Two-staged time-dependent materials for the prevention of implant-related infections
MetadataShow full item record
AbstractInfection is a main cause of implant failure. Early implant-related infections often occur in the first 4 weeks post-operation. Inhibiting bacterial adhesion and biofilm formation at the early stage and promoting subsequent implant osseointegration are important for implant success. Our previous studies demonstrated that dimethylaminododecyl methacrylate (DMADDM) provided dental materials with antibacterial effects. In the present study, DMADDM and hydroxyapatite (HA) are loaded on to the titanium (Ti) surface via poly dopamine (PDA) self-polymerization. This local DMADDM-delivery Ti is referred as Ti-PHD. Here we report the two-staged capability of Ti-PHD: (1) in the first stage, releasing DMADDM during the high-infection-risk initial period post-implantation for 4 weeks; (2) then in the second stage, enhancing osteogenesis and promoting osseointegration. Ti-PHD has a porous surface with higher average roughness and greater hydrophilicity than pure Ti. Its biocompatibility is verified in vitro and in vivo. During the first 4 weeks of release, both DMADDM remaining on Ti surface and DMADDM released into the soaking medium greatly reduced the adherence and growth of pathogens. This is further confirmed by the prevention of bone destruction in a rat osteomyelitis model. After releasing DMADDM for 4 weeks, Ti-PHD promotes osteogenic differentiation of human bone marrow mesenchymal stem cells (hBMSCs) and new bone formation around the implants in vivo. This article represents the first report on the two-staged, time-dependent antibacterial and osteogenesis effects of Ti-PHD, demonstrating its potential for clinical applications to inhibit implant-associated infections. Statement of Significance: The present study develops a two-staged time-dependent system for local dimethylaminododecyl methacrylate (DMADDM) delivery via Ti implant (referred to as Ti-PHD). DMADDM and hydroxyapatite (HA) are loaded on to the Ti surface with poly dopamine (PDA). Ti-PHD can release DMADDM during the high-risk period of infection in the first stage, and then promote osseointegration and new bone formation in the second stage. This bioactive and therapeutic Ti is promising to inhibit infections and enhance implant success.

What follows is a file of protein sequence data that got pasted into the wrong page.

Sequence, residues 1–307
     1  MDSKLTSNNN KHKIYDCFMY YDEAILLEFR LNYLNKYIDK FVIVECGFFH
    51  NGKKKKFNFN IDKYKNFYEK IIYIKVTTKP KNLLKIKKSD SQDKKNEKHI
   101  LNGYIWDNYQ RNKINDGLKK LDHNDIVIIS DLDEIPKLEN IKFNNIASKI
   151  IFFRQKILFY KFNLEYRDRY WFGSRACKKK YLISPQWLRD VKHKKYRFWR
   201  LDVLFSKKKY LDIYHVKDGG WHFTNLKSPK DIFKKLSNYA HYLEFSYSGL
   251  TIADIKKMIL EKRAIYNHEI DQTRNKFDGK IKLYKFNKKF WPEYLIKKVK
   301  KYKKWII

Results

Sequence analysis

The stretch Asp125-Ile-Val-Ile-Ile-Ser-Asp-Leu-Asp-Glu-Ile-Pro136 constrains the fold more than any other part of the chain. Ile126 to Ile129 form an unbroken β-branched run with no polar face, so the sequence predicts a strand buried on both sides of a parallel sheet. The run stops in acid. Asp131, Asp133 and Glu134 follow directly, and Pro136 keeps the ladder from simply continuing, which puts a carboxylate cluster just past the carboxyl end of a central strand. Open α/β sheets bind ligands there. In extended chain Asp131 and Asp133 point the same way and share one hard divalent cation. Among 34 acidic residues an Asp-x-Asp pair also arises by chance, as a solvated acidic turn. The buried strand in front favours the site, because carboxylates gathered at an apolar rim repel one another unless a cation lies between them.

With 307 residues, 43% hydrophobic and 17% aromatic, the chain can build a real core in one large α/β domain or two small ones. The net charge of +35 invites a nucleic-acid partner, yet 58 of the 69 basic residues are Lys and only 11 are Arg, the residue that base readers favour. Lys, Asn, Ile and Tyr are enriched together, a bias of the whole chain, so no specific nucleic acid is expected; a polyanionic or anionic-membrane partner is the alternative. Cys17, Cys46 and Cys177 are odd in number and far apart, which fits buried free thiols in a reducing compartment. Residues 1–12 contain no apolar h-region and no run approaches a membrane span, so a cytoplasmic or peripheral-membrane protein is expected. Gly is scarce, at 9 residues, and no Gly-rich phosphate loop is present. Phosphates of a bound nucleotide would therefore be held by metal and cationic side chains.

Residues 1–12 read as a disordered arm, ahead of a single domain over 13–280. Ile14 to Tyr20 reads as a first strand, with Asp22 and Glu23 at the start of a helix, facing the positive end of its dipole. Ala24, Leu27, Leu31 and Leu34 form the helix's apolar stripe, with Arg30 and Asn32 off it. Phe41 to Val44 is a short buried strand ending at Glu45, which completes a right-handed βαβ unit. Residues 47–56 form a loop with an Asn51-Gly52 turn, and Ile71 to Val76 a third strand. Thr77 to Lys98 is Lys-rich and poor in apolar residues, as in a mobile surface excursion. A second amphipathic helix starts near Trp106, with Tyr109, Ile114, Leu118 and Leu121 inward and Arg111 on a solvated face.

SponsorsSchool of Dentistry, University of Maryland, UMSOD International Science and Technology Cooperation Programme, ISTCP: 2017HH0008 2018-YF05-00249-SN National Key Research and Development Program of China Stem Cell and Translational Research: 2016YFC1102700 National Natural Science Foundation of China, NSFC: 81372889, 81430011
Bioactive and therapeutic
Identifier to cite or link to this itemhttps://www.scopus.com/inward/record.uri?eid=2-s2.0-85074498996&doi=10.1016%2fj.actbio.2019.10.023&partnerID=40&md5=003efc859032b9eed82a04ba9e138f8b; http://hdl.handle.net/10713/11639
- Anti-Bacteria and Microecosystem-Regulating Effects of Dental Implant Coated with Dimethylaminododecyl Methacrylate.
- Authors: Li B, Ge Y, Wu Y, Chen J, Xu HHK, Yang M, Li M, Ren B, Feng M, Weir MD, Peng X, Cheng L, Zhou X
- Issue date: 2017 Nov 20
- The role of titanium implant surface modification with hydroxyapatite nanoparticles in progressive early bone-implant fixation in vivo.
- Authors: Lin A, Wang CJ, Kelly J, Gubbi P, Nishimura I
- Issue date: 2009 Sep-Oct
- Bio-surface coated titanium scaffolds with cancellous bone-like biomimetic structure for enhanced bone tissue regeneration.
- Authors: Zhang B, Li J, He L, Huang H, Weng J
- Issue date: 2020 Sep 15
- Multifunctions of dual Zn/Mg ion co-implanted titanium on osteogenesis, angiogenesis and bacteria inhibition for dental implants.
- Authors: Yu Y, Jin G, Xue Y, Wang D, Liu X, Sun J
- Issue date: 2017 Feb
- Peptide LL-37 coating on micro-structured titanium implants to facilitate bone formation in vivo via mesenchymal stem cell recruitment.
- Authors: He Y, Mu C, Shen X, Yuan Z, Liu J, Chen W, Lin C, Tao B, Liu B, Cai K
- Issue date: 2018 Oct 15